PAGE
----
Equally powerful in the art of romance is Saga by Brian K. Vaughn and Fiona Staples. This is not your standard comic book; prepare yourself for side-glances if you choose to read it in a public space (though, in saying that, I had a little old lady gasp with shock when she glanced at a page over my shoulder…and then, two minutes later, try to surreptitiously read more).

Saga takes the graphic in its ‘graphic novel’ description as far as it can possibly go. However, it also has some serious relationship goals between Marko and Alana. As their respective planets fight to the death, these two find a connection in the romantic prose of a book filled with coded messages to end The War. They bond while she reads to him (albeit, she is the guard to his imprisonment). Despite their surroundings and circumstances, it is the intimate sharing of a book to bring them together. You don’t need to buy a book for your lover. Grab their favourite and start reading to them. Right now.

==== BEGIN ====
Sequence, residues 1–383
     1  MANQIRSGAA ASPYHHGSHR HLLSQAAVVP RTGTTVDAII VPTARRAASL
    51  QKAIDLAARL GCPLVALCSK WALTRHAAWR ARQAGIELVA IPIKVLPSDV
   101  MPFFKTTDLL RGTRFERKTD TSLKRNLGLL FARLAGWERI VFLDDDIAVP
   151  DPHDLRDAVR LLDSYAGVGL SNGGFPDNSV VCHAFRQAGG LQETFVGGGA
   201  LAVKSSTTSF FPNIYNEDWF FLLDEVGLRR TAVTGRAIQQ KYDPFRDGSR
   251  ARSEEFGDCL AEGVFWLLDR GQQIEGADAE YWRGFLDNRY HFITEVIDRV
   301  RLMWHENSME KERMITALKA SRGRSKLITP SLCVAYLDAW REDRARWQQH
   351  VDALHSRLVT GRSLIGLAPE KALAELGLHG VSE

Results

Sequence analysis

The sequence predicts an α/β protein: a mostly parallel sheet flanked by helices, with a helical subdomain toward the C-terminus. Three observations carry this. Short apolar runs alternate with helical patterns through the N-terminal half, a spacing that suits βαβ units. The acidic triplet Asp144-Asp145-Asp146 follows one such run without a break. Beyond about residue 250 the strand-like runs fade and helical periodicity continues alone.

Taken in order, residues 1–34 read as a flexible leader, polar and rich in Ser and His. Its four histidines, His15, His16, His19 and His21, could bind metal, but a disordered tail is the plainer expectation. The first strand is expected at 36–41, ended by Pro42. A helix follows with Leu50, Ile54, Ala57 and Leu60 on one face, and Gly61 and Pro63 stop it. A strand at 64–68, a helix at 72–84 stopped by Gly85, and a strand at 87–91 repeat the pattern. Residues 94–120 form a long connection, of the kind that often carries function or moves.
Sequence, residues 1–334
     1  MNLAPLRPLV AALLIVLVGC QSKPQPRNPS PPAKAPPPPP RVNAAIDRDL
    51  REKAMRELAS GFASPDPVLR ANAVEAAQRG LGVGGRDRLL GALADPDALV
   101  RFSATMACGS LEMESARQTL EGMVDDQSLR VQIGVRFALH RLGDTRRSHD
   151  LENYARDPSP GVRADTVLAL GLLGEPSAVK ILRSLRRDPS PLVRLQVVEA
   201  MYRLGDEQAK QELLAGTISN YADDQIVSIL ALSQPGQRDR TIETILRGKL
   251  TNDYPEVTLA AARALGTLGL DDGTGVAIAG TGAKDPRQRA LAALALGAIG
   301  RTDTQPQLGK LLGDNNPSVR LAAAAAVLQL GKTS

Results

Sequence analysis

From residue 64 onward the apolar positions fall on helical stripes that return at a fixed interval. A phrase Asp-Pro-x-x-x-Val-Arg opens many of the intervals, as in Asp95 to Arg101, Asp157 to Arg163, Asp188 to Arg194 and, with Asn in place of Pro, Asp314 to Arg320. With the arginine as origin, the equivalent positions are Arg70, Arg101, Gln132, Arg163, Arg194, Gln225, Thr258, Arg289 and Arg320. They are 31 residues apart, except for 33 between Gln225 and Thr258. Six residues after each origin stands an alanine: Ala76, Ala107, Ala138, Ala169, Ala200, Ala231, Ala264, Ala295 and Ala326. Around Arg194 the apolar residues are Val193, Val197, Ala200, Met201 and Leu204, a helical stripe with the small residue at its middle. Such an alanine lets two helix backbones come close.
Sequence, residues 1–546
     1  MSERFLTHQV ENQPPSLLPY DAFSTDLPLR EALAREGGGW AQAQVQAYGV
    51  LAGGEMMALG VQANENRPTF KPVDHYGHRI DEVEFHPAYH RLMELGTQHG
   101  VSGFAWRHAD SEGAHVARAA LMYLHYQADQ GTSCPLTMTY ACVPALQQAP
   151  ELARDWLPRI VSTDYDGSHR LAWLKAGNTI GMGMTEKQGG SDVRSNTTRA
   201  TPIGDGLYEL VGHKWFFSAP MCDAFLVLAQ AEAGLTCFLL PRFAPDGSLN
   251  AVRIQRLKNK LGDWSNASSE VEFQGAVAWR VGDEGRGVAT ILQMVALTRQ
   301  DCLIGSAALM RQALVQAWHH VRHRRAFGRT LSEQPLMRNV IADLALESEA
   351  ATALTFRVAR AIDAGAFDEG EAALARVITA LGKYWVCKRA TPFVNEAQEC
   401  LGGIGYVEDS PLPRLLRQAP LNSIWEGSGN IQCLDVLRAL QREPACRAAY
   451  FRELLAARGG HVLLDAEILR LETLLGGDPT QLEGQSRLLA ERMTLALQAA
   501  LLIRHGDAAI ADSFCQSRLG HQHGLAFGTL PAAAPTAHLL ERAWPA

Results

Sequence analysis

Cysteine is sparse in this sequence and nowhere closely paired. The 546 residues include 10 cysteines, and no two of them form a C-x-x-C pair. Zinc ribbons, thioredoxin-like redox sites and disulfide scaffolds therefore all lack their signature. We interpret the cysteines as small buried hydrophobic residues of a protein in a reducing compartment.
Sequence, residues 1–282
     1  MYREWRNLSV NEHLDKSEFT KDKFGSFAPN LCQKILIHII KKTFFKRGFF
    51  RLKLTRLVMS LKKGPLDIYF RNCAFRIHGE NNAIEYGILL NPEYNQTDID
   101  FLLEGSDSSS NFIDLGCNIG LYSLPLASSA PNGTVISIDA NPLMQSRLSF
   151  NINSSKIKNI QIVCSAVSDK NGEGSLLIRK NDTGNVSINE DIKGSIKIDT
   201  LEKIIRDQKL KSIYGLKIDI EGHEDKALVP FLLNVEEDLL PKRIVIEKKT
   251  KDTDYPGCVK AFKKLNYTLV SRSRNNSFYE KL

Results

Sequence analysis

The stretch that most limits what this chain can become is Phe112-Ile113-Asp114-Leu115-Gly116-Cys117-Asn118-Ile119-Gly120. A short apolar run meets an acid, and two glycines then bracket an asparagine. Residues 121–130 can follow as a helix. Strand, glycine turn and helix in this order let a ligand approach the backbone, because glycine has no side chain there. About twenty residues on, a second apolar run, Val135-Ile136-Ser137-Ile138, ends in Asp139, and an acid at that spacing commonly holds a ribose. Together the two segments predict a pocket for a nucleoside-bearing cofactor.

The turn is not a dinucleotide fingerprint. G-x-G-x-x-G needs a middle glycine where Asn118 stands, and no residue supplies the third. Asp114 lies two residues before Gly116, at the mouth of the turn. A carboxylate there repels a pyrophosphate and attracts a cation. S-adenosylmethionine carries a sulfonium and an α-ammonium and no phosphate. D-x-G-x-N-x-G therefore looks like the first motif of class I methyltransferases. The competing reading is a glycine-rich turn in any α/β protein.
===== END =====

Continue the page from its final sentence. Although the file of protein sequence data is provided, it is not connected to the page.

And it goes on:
One More for the Road

I have one more example of a small romantic gesture. It comes from One Last Stop by Casey McQuiston, a contemporary romantic comedy with a sci-fi twist. The story is set in New York, with a large chunk of it featuring the daily subway commute. Here, August meets Jane — girl meets gorgeous girl. And suddenly the subway commute is no longer ‘every day’ ordinary. While the book is top of my TBR list, the idea of romanticising the subway is a sweet way to woo your would-be lover. Buy the train tickets to the end of your line, and give them the time to enjoy the view (or catch up on reading). It could be an adventure together or simply a moment in time to share. 

Okay, fine. Buy them the book and tuck the train tickets in as bookmarks. You don’t need to give a book to romance a book-lover. 

But it sure doesn’t hurt either.